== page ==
Recent events in New York City make it clear that there is widespread and continuing anger over the street stop policies of the NYPD. This ongoing discontent reflects a broader paradox in American policing: the police have become more effective in reducing the rate of violent crime to historically low levels but their success has not led to higher levels of public trust in the police. There are lessons from this police experience not only for police commanders but also for judges, court administrators, and others working in the criminal justice system.
Based upon my own research and that of other social scientists we know why this performance without legitimacy paradox is occurring. Public anger continues because the police have not addressed what actually matters to the public. My research shows that police legitimacy is based upon how fairly the public thinks the police exercise their authority. Until the police change their policies and practices to address public concerns over procedural justice, controversies over police practices such as racial profiling, police street stops and the surveillance of Muslim Americans will not end.
Many cities, including New York City are experiencing dramatically lower levels of violent crime. Despite these gains public trust and confidence in the police is not increasing, nor is the large racial gap in trust and confidence between White and minority Americans closing. Better performance has not lead to greater public legitimacy. Why? Police leaders are failing to take account of public concerns. Evaluations of policies and practices by police leaders ask if they are effective in preventing crimes. The question of whether these policies and practices are viewed as legitimate by people in the community is not addressed. My research findings however tell us that effectiveness is not the key factor that the public considers when reacting to police policies and practices.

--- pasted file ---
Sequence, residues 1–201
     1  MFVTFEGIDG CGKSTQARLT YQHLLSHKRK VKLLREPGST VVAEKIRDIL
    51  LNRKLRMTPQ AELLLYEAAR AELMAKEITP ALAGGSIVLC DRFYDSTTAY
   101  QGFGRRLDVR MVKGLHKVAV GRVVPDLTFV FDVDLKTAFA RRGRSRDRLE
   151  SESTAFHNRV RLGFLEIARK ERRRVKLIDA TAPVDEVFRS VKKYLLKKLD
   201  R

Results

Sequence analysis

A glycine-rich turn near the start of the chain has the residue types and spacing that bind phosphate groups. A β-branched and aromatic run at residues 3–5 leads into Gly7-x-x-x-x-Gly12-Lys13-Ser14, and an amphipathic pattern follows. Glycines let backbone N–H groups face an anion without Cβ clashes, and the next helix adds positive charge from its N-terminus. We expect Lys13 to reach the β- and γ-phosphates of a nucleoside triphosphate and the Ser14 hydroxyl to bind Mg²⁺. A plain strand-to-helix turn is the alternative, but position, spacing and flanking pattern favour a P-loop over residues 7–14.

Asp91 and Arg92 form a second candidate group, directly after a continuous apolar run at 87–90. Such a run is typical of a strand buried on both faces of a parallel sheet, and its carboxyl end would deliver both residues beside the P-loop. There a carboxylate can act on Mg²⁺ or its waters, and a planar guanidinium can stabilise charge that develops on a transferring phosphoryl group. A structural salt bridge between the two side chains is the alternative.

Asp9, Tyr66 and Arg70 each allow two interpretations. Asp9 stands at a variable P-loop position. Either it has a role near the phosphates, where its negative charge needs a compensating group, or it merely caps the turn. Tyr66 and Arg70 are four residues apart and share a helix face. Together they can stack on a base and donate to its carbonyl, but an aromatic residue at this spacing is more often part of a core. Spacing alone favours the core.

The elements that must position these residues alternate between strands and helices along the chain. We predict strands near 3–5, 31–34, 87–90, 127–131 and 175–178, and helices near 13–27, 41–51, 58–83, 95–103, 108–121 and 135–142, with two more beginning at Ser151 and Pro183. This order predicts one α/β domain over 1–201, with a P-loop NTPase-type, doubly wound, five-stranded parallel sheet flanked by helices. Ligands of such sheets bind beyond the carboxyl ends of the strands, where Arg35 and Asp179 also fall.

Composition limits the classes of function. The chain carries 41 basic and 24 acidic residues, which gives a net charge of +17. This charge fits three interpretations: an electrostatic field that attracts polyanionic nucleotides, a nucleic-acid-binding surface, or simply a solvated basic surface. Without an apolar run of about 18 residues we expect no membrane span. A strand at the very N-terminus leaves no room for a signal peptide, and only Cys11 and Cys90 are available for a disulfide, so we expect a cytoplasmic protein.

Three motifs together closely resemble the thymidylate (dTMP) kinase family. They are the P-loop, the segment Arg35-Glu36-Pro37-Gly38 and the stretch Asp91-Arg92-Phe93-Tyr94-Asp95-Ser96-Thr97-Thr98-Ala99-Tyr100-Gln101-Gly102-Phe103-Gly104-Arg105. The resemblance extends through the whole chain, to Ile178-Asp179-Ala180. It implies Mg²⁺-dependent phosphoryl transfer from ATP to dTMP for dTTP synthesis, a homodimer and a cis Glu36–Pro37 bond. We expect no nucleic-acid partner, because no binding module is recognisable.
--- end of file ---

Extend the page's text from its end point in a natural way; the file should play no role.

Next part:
What does the public care about? Research shows that the key issue to members of the public is their evaluation of the fairness of the way the police exercise their authority: i.e. to issues of procedural justice. More than anything else people are concerned about whether they feel that the police officers to whom they give the authority to maintain order in their communities act using fair procedures.
What does the public mean by fair procedures? They mean first that when creating policies the police work with the community to identify problems and the strategies that should be used to address them. When dealing with particular citizens they allow those people to tell their side of the story, to explain their situation, before making decisions. When implementing the law the police explain their policies and how they are being applied in particular cases in ways that the public can see are neutral and unbiased.
The public also means that the police should treat people fairly. Fair treatment is respectful and courteous. It acknowledges people’s rights not to be demeaned, ridiculed or insulted by the police. And, the police are trustworthy. They act with integrity, accounting for their actions in ways that show good faith responsiveness to people and their problems.
Why should the police care about this public perspective on policing? Insensitivity to public concerns has led police departments like the NYPD to turn victory into defeat. Instead of being congratulated for lowering the rate of violence in New York City, or reducing the rate of unlawful shootings, the police are reviled by an angry population for mistreating people in the community.
And the police lose the benefits of public cooperation. Studies show that when people view the police as more legitimate they are more willing to defer to police authority; less likely to resist and defy the police; and that complaints against the police go down. Legitimacy further encourages willing compliance with the law and cooperation with police efforts in their efforts to stop crimes and identify criminals. When fairly treated people are more willing to work with the police in efforts that join the police and the people in the community in efforts to maintain order by attending community meetings or joining a neighborhood watch.
If officers dealt with people seeking to communicate respect and deliver fairness they would be working not only to prevent crime but to build public support for the police. And, more broadly legal authorities need to recognize the value of considering their policies and practices from the perspective of public concerns. That perspective emphasizes that people are “seekers of justice” and evaluate their experiences with the police and courts by evaluating how fairly they experience the actions of the authorities they deal with.
Tom Tyler, Professor of Law and Psychology, Yale University